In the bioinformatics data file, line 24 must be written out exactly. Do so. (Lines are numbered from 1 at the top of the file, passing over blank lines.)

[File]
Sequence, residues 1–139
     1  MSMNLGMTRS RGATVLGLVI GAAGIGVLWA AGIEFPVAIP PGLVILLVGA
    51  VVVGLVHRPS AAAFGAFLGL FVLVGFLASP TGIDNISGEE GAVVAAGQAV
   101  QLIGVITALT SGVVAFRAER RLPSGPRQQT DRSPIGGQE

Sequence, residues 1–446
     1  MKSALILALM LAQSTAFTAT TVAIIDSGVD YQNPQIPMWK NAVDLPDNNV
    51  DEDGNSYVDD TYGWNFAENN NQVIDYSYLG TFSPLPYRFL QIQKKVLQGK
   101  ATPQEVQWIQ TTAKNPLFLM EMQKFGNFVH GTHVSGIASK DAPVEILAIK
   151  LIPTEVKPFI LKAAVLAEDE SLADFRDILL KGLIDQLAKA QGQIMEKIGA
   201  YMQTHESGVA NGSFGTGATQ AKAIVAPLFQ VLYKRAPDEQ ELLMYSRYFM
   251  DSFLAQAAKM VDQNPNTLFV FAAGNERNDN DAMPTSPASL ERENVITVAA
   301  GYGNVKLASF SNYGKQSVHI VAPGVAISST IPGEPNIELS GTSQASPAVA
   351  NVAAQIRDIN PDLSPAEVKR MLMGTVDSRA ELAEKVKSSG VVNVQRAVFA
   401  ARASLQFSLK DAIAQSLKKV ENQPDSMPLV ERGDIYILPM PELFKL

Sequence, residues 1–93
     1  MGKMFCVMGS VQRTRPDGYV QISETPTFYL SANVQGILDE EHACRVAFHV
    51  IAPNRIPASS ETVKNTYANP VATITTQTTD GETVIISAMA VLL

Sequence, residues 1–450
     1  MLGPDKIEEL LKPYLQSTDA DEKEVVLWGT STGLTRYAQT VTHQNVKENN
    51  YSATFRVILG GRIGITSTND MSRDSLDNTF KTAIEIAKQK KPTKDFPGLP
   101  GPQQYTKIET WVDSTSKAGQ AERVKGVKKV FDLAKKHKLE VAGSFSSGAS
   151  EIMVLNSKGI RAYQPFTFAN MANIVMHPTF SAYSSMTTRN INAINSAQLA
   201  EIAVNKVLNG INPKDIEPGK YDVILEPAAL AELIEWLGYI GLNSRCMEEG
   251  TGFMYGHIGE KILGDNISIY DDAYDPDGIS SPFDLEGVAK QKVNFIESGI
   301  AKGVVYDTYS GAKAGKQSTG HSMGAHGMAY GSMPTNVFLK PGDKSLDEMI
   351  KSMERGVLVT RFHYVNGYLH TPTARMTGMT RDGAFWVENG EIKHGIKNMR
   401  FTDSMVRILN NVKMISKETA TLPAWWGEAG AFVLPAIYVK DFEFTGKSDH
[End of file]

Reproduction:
   251  TGFMYGHIGE KILGDNISIY DDAYDPDGIS SPFDLEGVAK QKVNFIESGI